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Message #16128 of 18360  *NEW*
Let It Be Whale Petrified Vomit! Could Be Worth $300,000. Meet Me At The Beach To Collect Some!
12/18/06, 1:48pm (Last Edited: 12/20/06, 2:47pm)
Let It Be Whale Vomit, Not Just Sea Junk

The New York Times
MONTAUK, N.Y. (Dec. 18) — In this season of strange presents from relatives, Dorothy Ferreira got a doozy the other day from her 82-year-old sister in Waterloo, Iowa. It was ugly. It weighed four pounds. There was no receipt in the box.

inside she found what looked like a gnarled, funky candle but could actually be a huge hunk of petrified whale vomit worth as much as $18,000.

“I, the storied substance created in the intestines of a sperm whale and spewed into the ocean. Also called “whale’s pearl” or “floating gold,” ambergris is a rare and often valuable ingredient in fine perfumes.

“He told me, ‘Don’t let this out of your sight,’ ” Ms. Ferreira said.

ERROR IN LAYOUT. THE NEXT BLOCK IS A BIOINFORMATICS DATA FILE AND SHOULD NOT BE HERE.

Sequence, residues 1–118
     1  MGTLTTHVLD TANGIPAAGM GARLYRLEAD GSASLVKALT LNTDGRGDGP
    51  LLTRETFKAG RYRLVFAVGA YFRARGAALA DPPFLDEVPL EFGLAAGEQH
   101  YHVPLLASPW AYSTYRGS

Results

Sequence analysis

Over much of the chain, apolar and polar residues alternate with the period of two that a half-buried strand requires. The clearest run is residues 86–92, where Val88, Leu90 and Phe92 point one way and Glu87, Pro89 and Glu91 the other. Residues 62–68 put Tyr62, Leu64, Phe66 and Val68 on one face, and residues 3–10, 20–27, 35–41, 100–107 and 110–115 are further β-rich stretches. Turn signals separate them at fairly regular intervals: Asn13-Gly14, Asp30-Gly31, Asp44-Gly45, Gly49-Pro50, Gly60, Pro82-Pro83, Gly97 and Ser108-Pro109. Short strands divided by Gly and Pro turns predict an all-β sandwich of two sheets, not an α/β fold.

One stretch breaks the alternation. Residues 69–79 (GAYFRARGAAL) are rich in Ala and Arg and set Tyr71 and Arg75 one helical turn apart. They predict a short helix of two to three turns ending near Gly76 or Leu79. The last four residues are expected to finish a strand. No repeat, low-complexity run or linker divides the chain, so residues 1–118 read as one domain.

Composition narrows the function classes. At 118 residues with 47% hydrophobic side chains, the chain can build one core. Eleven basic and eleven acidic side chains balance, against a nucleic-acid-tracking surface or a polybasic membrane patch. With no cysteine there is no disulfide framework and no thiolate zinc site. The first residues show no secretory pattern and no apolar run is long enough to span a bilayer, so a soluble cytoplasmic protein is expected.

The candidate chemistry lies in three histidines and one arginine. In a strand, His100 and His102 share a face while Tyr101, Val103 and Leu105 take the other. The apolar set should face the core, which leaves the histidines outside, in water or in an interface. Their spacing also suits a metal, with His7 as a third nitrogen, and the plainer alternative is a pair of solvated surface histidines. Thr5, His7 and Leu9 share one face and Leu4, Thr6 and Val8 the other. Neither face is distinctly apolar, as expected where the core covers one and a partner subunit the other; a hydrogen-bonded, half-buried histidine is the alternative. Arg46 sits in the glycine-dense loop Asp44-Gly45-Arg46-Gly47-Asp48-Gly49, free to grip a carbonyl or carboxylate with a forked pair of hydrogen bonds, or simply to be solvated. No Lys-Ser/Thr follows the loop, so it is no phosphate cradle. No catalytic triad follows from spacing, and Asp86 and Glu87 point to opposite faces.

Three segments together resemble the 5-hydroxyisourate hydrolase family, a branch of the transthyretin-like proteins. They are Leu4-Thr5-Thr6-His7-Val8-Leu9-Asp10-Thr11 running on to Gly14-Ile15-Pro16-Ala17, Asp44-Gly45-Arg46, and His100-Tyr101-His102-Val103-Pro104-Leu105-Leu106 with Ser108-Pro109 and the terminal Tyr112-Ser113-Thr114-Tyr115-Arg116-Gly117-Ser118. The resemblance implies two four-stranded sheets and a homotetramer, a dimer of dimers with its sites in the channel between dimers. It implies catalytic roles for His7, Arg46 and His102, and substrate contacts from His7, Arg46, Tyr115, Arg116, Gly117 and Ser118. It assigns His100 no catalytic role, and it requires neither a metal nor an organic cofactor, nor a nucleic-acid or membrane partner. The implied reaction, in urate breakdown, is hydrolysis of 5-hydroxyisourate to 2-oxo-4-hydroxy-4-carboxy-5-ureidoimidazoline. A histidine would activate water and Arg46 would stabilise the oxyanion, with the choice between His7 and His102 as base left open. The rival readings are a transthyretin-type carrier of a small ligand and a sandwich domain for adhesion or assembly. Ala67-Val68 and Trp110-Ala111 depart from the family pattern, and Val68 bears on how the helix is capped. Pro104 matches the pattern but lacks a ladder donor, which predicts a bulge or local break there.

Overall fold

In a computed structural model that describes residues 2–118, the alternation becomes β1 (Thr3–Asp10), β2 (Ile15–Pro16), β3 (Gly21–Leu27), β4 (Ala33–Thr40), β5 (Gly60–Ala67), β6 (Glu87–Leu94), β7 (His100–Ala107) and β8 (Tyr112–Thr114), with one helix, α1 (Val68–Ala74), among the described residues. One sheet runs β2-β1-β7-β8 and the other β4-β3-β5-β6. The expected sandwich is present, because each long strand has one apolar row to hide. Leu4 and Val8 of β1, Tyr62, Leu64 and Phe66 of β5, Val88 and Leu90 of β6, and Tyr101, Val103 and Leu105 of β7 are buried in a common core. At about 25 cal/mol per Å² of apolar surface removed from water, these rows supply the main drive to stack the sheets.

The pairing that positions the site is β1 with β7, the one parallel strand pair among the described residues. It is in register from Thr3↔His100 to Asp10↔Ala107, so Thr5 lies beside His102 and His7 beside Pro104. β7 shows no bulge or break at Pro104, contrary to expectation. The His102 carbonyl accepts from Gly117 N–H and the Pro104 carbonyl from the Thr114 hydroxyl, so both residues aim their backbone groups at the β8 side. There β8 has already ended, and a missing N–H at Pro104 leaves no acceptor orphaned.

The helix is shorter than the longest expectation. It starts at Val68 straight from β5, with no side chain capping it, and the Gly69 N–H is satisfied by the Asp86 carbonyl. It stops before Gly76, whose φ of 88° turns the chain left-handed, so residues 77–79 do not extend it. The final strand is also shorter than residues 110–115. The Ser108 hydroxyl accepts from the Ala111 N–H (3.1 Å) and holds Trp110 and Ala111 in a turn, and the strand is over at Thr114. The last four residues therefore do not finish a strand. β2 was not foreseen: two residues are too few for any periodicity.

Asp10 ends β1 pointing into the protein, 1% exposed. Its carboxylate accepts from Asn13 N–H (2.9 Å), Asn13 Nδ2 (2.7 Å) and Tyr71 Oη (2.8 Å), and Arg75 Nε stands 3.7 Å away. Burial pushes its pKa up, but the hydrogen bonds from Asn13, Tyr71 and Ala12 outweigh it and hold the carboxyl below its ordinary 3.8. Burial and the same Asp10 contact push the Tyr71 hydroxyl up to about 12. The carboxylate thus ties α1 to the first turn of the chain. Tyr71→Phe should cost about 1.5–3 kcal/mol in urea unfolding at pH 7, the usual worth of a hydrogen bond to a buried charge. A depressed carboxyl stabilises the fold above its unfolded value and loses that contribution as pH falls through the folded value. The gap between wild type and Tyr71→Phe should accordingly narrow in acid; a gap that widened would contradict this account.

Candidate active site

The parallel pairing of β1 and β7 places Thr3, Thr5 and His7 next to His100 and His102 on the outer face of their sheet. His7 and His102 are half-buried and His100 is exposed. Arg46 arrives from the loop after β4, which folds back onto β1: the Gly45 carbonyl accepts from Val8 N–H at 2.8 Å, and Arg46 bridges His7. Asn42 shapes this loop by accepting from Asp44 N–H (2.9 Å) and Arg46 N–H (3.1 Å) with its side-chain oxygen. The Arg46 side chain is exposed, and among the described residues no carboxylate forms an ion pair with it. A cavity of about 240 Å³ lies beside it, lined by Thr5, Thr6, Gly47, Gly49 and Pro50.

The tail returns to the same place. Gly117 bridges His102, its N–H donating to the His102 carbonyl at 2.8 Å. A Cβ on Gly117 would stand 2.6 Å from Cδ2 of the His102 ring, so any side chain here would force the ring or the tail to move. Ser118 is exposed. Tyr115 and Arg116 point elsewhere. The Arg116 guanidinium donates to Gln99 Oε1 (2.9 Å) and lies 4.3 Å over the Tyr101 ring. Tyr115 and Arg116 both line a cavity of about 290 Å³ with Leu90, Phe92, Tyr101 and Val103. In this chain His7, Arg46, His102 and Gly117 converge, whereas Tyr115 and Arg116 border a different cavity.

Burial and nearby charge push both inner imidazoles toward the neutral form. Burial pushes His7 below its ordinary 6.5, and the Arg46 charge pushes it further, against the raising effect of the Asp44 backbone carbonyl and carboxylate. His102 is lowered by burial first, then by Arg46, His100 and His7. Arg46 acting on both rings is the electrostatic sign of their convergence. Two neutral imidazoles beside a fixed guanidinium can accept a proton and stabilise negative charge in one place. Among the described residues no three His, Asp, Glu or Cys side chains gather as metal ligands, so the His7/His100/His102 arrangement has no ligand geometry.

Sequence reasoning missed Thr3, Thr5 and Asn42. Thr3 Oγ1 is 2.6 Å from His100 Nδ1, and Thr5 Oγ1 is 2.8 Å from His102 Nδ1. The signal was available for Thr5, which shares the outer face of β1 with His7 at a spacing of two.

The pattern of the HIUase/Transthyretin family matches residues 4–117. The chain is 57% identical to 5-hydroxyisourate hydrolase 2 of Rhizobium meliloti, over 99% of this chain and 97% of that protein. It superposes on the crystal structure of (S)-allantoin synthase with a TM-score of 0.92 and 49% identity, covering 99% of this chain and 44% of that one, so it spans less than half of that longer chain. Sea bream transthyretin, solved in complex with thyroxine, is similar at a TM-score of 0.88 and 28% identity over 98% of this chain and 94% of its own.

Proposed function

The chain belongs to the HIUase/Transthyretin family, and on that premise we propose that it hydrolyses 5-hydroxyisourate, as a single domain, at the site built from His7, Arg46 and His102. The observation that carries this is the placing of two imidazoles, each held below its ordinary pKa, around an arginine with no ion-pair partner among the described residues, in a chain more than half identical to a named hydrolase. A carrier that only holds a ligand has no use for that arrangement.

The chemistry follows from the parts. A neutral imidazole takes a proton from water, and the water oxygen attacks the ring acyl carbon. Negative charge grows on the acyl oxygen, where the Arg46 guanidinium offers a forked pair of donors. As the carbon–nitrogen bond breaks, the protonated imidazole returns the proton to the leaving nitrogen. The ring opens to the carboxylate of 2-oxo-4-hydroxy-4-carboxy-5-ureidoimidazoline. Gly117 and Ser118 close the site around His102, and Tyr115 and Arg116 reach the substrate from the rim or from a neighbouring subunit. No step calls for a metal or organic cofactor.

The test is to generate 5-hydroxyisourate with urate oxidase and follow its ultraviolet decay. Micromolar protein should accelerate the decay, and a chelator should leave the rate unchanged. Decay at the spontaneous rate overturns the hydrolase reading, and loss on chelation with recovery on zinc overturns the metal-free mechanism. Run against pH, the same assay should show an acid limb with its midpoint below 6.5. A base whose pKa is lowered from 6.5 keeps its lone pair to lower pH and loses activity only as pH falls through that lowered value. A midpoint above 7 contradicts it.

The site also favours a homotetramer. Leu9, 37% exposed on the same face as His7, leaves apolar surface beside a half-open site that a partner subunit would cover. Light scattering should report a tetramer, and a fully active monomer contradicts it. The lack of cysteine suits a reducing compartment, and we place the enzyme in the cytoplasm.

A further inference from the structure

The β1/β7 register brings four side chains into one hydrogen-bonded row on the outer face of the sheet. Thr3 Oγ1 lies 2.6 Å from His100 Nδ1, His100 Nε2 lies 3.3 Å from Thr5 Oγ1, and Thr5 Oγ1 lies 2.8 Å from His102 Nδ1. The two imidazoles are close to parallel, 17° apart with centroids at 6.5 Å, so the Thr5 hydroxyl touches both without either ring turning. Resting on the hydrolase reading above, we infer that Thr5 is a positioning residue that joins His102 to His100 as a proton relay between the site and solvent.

She was soon summoned to show the thing at a town board meeting, after which a story in The Independent, a local newspaper, declared Ms. Ferreira the proud new owner of “heirloom whale barf.” Friends and neighbors flocked to her tchotchke-filled cottage overlooking Fort Pond Bay, the very shores where her sister, Ruth Carpenter, said she found the object in the mid-1950s.

Childless and never married, Ms. Ferreira bounced from job to job, most recently as a short-order cook at a local deli, and now lives on her Social Security income.

“If it really does have value, I’m not silly, of course I’d want to sell it,” Ms. Ferreira said as she looked out past her lace curtains and picket fence at the whitecaps on the bay. “This could be my retirement.”

After researching ambergris on the Internet, Ms. Ferreira’s neighbor, Joe Luiksic, advised, “Put it on eBay.” But endangered species legislation has made buying or selling the stuff illegal since the 1970s; a couple who found a large lump of ambergris valued at almost $300,000 on an Australian beach in January has had legal problems selling it.

“If I get locked up, will you bail me out?” Ms. Ferreira asked her friends.

Ambergris begins as a waxlike substance secreted in the intestines of some sperm whales, perhaps to protect the whale from the hard, indigestible “beaks” of giant squid it feeds upon. The whales expel the blobs, dark and foul-smelling, to float the ocean. After much seasoning by waves, wind, salt and sun, they may wash up as solid, fragrant chunks.

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